Which is correct?

Whichever estimate is correct, the total mass of the asteroids, at 0.04 percent of the Earth’s mass, pales in comparison. Furthermore, even the weight of any or all of the large moons of Saturn is even less significant. Any one of them weighs less than or about the same as all the asteroids. (The exception: Titan, weighing in at a hefty 2.3 percent of the mass of the Earth.)

In fact, one can safely guess at the moment that all the following objects together:

  1. All the asteroids, including the “Trojan” asteroids near Jupiter and the “Near Earth Asteroids,”
  2. The moons Phobos and Deimos that orbit Mars,
  3. Jupiter’s moons, except the Galilean moons,
  4. Saturn’s moons, except for Titan,
  5. All the moons of Uranus and Neptune,
  6. The rings around all four gas giants, and
  7. All Trans-Neptunian Objects,

weigh anywhere from 3 to 5 percent of what the Earth weighs.

The recent dispute

In October of 2017, Mr. Tony Reed published this video in a series he called “How Creationism Taught Me Real Science.” He sought to debunk the Hydroplate Theory.

In this video, he asserted that all the Trans-Neptunian Objects weigh ten to twenty-five percent of what the Earth weighs. Where did he get that idea?

He got it from two papers in the recent literature. First is Lykawka PS, “Trans-Neptunian Objects as natural probes to the unknown Solar system,” Monographs on Environment, Earth and Planets, accepted 4 December 2012. <> Lykawka quoted a source as saying the TNOs weigh “on the order of” ten percent of what the Earth weighs. And even he set that as the limit of what they weigh.

Second is S. I. Ipatov, “Formation and Migration of Trans-Neptunian Objects.” <> Ipatov, also quoting a source, gave a range of 6 to 25 percent of the Earth’s mass.

Citing the same source, and an out-of-date one at that!

And now the kicker: both these papers cited the same source! The source: Jewitt, D. C., Luu, J., and Trujillo, C., “Large Kuiper belt objects: the Mauna Kea 8k CCD survey,” The Astronomical Journal 115:2125-2135, 1998.

In evaluating the currency of the report of an observation, one must refer to the primary source. In this case, the primary source pre-dates both these papers by ten to fourteen years. Worse yet, it predates the later studies by Iorio and Fuentes/Holman.

As nearly as one can determine, Jewitt’s team used luminosity distribution to calculate the total mass of the TNO region.5 Against that, we have Fuentes and Holman, who looked at archival photographs in 2008. They guessed the total mass as one-tenth of what Jewitt and his team guessed. Iorio, in 2007, might have a stronger estimate. Even so, Iorio’s dynamical mass doesn’t come close to 25 percent of the mass of the Earth!

In the on-running dispute over “dark matter,” the proponents of that concept insist that dynamical mass far exceeds luminous mass. But in this case, we see luminous mass far exceeding the dynamical! Did Jewitt and company see dark anti-matter? More likely they forgot to account for albedo, or the reflectivity of an object, in totting up all the masses. They must have thought any one object was as reflective as any other. They thought wrong.

Where the case rests

Where is now Tony Reed’s case? He hastily found two references, nominally recent. These references move the decimal point on the total mass of Trans-Neptunian Objects one place to the left. But both references start from the same out-of-date source for their respective claims. And that source made a claim that other teams have since flatly contradicted.

Therefore the total mass of all Trans-Neptunian Objects can be no more than four percent of the mass of the Earth. It could be as light as two percent. Neither figure would pose the slightest problem for the Hydroplate Theory as Brown has currently formulated it.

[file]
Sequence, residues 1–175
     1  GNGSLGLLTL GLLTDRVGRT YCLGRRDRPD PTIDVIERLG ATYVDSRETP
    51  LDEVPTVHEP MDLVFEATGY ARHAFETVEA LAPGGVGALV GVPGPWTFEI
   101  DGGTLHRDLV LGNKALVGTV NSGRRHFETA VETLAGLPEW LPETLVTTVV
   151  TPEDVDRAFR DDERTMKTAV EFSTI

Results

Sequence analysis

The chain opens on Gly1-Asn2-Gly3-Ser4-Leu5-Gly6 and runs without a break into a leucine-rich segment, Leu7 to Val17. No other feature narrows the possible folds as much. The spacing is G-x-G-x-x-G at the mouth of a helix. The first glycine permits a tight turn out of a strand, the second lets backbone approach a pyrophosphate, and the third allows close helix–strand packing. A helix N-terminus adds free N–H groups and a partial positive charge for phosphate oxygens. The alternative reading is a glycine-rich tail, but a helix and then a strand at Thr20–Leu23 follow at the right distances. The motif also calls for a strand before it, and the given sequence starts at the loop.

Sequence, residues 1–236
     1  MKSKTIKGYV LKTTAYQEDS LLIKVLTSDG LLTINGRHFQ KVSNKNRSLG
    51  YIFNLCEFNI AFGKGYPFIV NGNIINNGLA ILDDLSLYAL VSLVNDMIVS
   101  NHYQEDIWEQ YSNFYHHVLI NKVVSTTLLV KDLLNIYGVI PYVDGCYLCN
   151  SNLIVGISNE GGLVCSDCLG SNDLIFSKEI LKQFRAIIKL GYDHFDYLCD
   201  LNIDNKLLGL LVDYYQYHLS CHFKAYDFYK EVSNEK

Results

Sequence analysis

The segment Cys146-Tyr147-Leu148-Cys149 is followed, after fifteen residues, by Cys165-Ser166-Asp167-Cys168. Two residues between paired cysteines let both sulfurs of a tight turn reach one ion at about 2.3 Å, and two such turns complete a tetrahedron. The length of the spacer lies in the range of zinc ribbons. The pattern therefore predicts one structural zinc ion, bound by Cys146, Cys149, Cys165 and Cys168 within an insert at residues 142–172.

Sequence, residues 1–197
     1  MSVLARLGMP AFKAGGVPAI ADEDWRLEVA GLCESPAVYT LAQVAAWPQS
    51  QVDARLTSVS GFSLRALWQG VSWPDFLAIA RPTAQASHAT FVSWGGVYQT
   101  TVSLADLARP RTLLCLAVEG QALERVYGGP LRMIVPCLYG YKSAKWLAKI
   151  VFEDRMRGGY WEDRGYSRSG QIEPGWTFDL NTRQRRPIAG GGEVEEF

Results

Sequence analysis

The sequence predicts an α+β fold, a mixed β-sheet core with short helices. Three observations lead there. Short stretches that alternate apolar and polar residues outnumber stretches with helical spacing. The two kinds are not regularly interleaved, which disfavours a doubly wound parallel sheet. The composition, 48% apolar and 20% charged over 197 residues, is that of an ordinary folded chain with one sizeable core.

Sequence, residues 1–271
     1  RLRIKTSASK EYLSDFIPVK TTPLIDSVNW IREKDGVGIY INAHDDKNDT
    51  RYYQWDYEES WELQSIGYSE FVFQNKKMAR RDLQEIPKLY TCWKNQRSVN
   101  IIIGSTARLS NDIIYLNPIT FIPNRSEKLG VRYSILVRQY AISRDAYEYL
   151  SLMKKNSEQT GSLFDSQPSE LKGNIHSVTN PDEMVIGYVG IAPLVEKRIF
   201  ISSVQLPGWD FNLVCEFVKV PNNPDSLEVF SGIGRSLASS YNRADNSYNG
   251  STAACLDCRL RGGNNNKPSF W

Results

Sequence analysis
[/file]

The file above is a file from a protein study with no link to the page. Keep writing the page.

How low in their priorities is the issue of truth for most people, when matters are involved about which they have strong feelings.

Nathaniel Branden, PhD, “The Benefits and Hazards of the Philosophy of Ayn Rand”


1 Megan E. Schwamb, “Stranded in No-Man’s-Land,” Nature, Vol. 507, 27 March 2014, p. 436. <>

2 Stern TA, Henrys SA, Okaya D, Louie JN, Savage MK, Lamb S, Sato H, Sutherland R, and Iwasaki T, “A seismic reflection image for the base of a tectonic plate,” Nature, 518:85-88, 5 February 2015. <> Sadly, this team might never acknowledge this even today. Prejudice against any theory of origins that challenges the prevailing Nebula Theory remains high.

3 Lorenzo Iorio, “Dynamical Determination of the Mass of the Kuiper Belt from Motions of the Inner Planets of the Solar System,” Monthly Notices of the Royal Astronomical Society, Vol. 375, 11 March 2007, p. 1311.

4 Cesar I. Fuentes and Matthew J. Holman, “A Subaru Archival Search for Faint Trans-Neptunian Objects,” The Astronomical Journal, Vol. 136, July 2008, pp. 83–97. <>

5 See, in support of that proposition, Rita Schultz, “Trans-Neptunian Objects,” The Astronomy and Astrophysics Review, 11:1-31, May 2002. <>

Editor-in-chief at | + posts

Terry A. Hurlbut has been a student of politics, philosophy, and science for more than 35 years. He is a graduate of Yale College and has served as a physician-level laboratory administrator in a 250-bed community hospital. He also is a serious student of the Bible, is conversant in its two primary original languages, and has followed the creation-science movement closely since 1993.

2 Responses to Trans-Neptunian objects: just how heavy?

  1. […] Scholarly research. Mr. Reed cites several sources. Of necessity he does not “bookmark” his video with citations. Instead he lists them all as endnote equivalents in his Video Description. The problem: he is not as careful as he should be in determining what the source says, and how the source made any given determination. Your editor discussed one such point already. […]

  2. […] went over this before. Herewith a brief reply to the most egregious […]